Biomimetic Apatite Deposition on Calcium Silicate Gel ... - Springer Link

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M. VALLET-REGI AND I. IZQUIERDO-BARBA. Departamento de Quımica Inorgánica y Bioinorgánica, Facultad de Farmacia, Universidad Complutense de.

Journal of Sol-Gel Science and Technology 21, 13–25, 2001 c 2001 Kluwer Academic Publishers. Manufactured in The Netherlands. °

Biomimetic Apatite Deposition on Calcium Silicate Gel Glasses A. J. SALINAS∗, M. VALLET-REGI AND I. IZQUIERDO-BARBA Departamento de Qu´ımica Inorg´anica y Bioinorg´anica, Facultad de Farmacia, Universidad Complutense de Madrid, E-28040 Madrid, Spain [email protected]

Received May 10, 2000; Accepted August 16, 2000

Abstract. In order to understand the Biomimetic apatite formation mechanism on gel glasses, a glass (in mol-%) SiO2 80%—CaO 20% (80S20C) was prepared by the sol-gel method and its behaviour in a simulated body fluid (SBF) was studied. To study the role of phosphorous in the in vitro apatite formation, a gel glass (in mol-%) SiO2 80%—CaO 17%—P2 O5 3% (80S17C3P) was prepared comparing its behaviour in SBF with that of 80S20C. In both studies, a protocol without renovation of SBF (static) was used. To mimic the conditions in the living organisms, an in vitro protocol with continuous renovation of solution (dynamic) was proposed. To check the feasibility of dynamic protocol, 80S20C and 80S17C3P were studied in dynamic and results compared with obtained in static. Static studies of 80S20C allowed us to verify that phosphorus is not essential for bioactivity because the apatite-like layer was formed from the phosphorous in SBF. However, a 3 mol-% of P2 O5 in 80S17C3P gel glass favoured apatite crystallization. In dynamic, complete assays were performed with ionic concentrations and pH in solution almost equal to human plasma. After 7 days in dynamic, apatite crystals and crystalline aggregates were larger than in static. Besides, compositional variations were observed in the newly formed layer as a function of the protocol. In static, the layer formed in both glasses contained calcium and phosphorous, (Ca/P molar ratio = 1.6) and silicon. In dynamic, the layer did not contain silicon and the Ca/P molar ratio was 1.2. Differences in composition and pH of assay solution, 8 in static and 7.3 in dynamic could explain these variations. In static, an apatite close to stoichiometric could be formed. In dynamic, a mixture of calcium deficient apatite and other calcium phosphates could constitute the layer. Keywords: bioactive sol-gel glasses, CaO SiO2 and CaO P2 O5 SiO2 systems, Biomimetic apatite formation, static in vitro assays, dynamic in vitro assays 1.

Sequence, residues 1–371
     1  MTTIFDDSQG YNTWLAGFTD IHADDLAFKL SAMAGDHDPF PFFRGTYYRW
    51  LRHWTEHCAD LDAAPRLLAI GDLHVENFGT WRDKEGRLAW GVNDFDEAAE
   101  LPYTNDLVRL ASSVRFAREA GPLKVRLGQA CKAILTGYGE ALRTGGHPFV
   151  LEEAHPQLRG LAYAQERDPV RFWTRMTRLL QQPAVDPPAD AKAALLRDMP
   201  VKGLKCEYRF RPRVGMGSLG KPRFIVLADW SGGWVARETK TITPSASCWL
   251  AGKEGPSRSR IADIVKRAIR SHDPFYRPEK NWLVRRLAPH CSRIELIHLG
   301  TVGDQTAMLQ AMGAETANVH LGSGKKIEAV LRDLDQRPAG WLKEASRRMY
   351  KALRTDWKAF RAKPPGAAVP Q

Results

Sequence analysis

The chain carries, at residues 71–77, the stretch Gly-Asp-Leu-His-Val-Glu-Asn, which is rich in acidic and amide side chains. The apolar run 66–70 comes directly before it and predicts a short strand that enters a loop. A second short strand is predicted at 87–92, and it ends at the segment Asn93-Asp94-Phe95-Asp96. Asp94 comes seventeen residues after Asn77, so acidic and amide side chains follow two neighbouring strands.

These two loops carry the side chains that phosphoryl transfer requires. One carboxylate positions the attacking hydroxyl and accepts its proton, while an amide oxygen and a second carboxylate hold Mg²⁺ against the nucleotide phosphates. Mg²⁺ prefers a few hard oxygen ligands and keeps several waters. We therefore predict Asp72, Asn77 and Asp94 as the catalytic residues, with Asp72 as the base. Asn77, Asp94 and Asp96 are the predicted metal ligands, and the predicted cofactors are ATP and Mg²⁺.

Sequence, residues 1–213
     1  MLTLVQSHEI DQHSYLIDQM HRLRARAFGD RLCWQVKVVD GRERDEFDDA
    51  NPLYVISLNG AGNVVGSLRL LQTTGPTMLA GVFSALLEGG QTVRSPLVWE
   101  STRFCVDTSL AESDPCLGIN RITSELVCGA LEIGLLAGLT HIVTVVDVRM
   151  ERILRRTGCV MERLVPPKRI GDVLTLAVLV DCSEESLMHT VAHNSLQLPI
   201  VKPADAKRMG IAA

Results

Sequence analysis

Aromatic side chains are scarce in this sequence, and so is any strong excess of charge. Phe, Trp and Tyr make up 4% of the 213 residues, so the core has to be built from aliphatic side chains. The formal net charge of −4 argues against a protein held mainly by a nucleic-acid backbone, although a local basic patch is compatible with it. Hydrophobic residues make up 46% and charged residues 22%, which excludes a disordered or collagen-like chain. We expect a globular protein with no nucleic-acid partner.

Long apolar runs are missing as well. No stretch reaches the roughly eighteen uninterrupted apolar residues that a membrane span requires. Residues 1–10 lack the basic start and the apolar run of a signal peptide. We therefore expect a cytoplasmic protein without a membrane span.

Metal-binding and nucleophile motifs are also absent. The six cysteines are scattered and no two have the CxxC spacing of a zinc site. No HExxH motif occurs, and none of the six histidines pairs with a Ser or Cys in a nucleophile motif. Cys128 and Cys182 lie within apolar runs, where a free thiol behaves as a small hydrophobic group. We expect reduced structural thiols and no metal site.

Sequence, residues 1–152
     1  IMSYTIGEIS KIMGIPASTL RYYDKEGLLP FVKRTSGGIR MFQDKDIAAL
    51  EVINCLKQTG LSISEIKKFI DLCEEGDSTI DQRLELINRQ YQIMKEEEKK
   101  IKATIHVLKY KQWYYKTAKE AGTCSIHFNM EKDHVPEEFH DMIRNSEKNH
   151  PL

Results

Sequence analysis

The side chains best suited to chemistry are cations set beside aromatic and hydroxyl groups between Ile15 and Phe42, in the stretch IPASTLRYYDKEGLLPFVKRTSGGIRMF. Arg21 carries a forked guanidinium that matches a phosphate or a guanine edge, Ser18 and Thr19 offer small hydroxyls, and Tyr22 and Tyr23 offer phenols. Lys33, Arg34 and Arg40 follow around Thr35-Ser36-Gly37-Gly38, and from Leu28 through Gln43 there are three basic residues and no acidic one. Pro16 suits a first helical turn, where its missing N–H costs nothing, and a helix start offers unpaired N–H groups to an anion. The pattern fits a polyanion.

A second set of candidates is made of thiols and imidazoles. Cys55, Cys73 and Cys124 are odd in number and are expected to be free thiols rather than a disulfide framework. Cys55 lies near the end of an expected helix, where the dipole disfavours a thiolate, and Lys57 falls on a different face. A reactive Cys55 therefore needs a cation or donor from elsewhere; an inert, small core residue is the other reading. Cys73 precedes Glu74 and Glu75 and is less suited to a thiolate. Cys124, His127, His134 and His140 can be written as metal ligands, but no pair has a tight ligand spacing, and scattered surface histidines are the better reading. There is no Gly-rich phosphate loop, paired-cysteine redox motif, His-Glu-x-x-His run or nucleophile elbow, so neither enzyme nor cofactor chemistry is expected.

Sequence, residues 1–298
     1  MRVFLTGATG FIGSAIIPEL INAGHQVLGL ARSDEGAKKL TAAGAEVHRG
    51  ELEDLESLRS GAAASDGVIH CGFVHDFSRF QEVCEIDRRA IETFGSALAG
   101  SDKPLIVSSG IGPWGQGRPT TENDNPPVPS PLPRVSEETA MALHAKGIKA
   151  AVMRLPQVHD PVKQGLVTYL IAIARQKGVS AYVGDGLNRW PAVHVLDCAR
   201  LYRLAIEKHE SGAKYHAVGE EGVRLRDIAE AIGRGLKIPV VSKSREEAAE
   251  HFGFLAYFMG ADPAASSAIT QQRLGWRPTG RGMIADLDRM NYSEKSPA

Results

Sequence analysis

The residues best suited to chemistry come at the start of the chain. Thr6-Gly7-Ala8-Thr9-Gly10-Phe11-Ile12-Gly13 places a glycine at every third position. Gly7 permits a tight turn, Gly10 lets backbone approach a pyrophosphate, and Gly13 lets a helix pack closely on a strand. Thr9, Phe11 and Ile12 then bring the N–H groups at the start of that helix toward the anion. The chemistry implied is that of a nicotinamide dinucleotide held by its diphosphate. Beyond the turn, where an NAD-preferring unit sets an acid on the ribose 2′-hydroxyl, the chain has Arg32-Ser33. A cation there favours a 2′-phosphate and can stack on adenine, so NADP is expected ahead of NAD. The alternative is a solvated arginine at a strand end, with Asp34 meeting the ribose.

Introduction

Glasses are materials widely used technologically due to their many applications as monoliths, fibres or coatings in areas including Optics, Electro-optics and Communication Technologies. In the last three decades a relevant application of glasses is being done in the field of Biomaterials [1, 2]. The study of glasses to use as implants began in 1971 when Hench et al. [3] prepared, by cooling of a

∗ To

whom all correspondence should be addressed.

melt, a family of glasses in the system Na2 O CaO P2 O5 SiO2 , observing that some compositions strongly bonded with the osseous tissues. These glasses behaved into the human body in a different way to the other materials previously implanted which, in the best cases when behaved as bioinert, were isolated of tissues by a non-adherent fibrous capsule. The formation of this capsule results in relative micromovements in the material to tissue interphase. These relative movements increase with time producing, in many cases, the failure of the prostheses. In the last years other materials including glasses, glass-ceramics and hydroxyapatite, have shown bone-bonding ability [1].

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Salinas, Vallet-Regi and Izquierdo-Barba

Glasses able to bond to living tissues without fibrous capsule formation are usually called bioactive [4, 5]. When bioactive glasses contact to biological fluids, an amorphous calcium phosphate layer that crystallizes in an apatite-like structure is formed [6, 7]. The apatite crystals, reinforced by collagen fibres, form the bonding layer between bioactive glasses and living tissues. The apatite layer is also formed when bioactive glasses are soaked in solutions mimicking the human plasma. Thus, the in vitro tests are widely used in the design of new glasses to use as implants [8–10]. The in vitro studies have shown that the silanol groups (Si OH), formed by ionic interchange with protons of medium on bioactive glasses surface, play a major role in the nucleation mechanism of apatite [11]. In past years most of the studies in bioactive glasses were devoted to obtain new compositions or to develop new methods of synthesis. Regarding compositional variations, to the initial bioactive compositions [3] new components, such as K2 O, MgO, CaF2 , Al2 O3 , B2 O3 or Fe2 O3 , were added increasing the complexity of the systems studied. Besides, in some cases, the addition of new oxides decreased or eliminated the bioactive behaviour. For instance, a 3% of Al2 O3 added at the initial composition of Hench, to improve its mechanical property [12], eliminated its bioactivity; or the addition of Fe2 O3 to obtain glass-ceramics for hyperthermia treatment of cancer [13], that decreased the bioactivity in some cases. In 1997 Brink et al. [14] studied the in vivo bone bonding-ability of 26 melt glasses in the system Na2 O K2 O CaO MgO B2 O3 P2 O5 SiO2 concluding that compositional limits for bioactivity were: 14–30 mol% of alkali oxides (Na2 O + K2 O), 14–30 mol% of alkaline earth oxides (CaO + MgO), and

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